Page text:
“Don’t count the people you reach; reach the people that count.” This is the core principle of account-based marketing – and it was coined more than fifty years ago by the Father of Advertising, David Ogilvy.
Never a fan of the scattershot approach, Ogilvy was well aware of the direct benefits of tight campaign targeting. Today, ABM is more pertinent than ever, in the fiercely competitive world of B2B sales.
Account-Based Marketing in 2022
During the past couple of decades, B2B buyers have scoured the Internet as they assess options, evaluate vendors, and weigh payment and delivery conditions, in their quest for the best deals. Driven by technological advances, this drift to digital is helping B2B marketers engage more effectively with potential buyers, through channels that range from traditional emails and instant messages to websites and social media.
Expanding at a dizzying rate and producing massive quantities of data, this dynamic universe is helping sellers understand their markets in greater depth. By automating many aspects – like lead generation and follow-ups – marketing platforms have long played an important role in streamlining sales funnels in the B2B market.
By addressing the specific needs of selected buyers, account-based marketing allows companies to personalize their approaches, steering only the best-qualified accounts through the sales funnel. Here are a few reasons why this is such an effective B2B marketing tool:
- Saving Time and Money When advertisements and sales staff reach out to leads with the only interest in your products or services, that’s a sure sign of overly broad marketing efforts. In contrast, account-based marketing is personalized, focusing on prospects ready to make decisions, and already familiar with your company, its reputation, and what it does.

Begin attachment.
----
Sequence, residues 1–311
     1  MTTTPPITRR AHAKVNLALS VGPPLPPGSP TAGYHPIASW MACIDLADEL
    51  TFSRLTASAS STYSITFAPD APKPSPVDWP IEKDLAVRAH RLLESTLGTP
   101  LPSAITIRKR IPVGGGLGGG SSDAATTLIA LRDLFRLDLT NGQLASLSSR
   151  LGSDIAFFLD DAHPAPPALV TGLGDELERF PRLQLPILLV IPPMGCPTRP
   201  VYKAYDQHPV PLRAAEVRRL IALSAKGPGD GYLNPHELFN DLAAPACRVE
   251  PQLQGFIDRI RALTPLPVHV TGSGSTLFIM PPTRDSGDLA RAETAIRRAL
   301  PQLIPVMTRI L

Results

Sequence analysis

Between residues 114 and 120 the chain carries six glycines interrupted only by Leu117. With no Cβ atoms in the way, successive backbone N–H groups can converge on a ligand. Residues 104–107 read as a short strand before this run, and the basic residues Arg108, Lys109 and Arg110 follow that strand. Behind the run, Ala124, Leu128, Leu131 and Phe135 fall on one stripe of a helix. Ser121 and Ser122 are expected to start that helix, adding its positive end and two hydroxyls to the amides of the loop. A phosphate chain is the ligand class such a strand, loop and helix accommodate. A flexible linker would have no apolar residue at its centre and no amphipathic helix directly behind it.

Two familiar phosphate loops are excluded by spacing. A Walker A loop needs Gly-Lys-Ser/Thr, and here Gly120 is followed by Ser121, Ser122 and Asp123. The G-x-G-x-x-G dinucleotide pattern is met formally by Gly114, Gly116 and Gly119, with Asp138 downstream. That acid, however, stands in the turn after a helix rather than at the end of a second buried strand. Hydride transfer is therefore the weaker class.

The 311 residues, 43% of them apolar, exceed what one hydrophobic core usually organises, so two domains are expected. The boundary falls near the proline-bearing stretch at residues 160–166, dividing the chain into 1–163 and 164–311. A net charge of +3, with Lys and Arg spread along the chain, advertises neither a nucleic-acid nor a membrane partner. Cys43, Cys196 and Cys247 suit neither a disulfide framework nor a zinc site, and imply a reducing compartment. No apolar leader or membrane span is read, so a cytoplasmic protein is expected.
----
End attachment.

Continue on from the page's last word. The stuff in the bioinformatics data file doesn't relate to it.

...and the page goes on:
- Closer Engagement A marketing strategy that concentrates resources on selected businesses, account-based marketing requires regular interaction with potential buyers across a wide variety of channels. Building up engagement means nurturing well-qualified leads and turning them into one-term customers, with confidence and trust underpinning repeat sales.
- Shorter Sales Cycles By connecting directly with key decision-makers, account-based marketing avoids wasting resources on gatekeepers with no powers of decision. By talking to people who establish budget allocations and know exactly how much they’re willing to pay for what, and when, vendors save time, money, and efforts, with faster-moving sales processes and better ROI.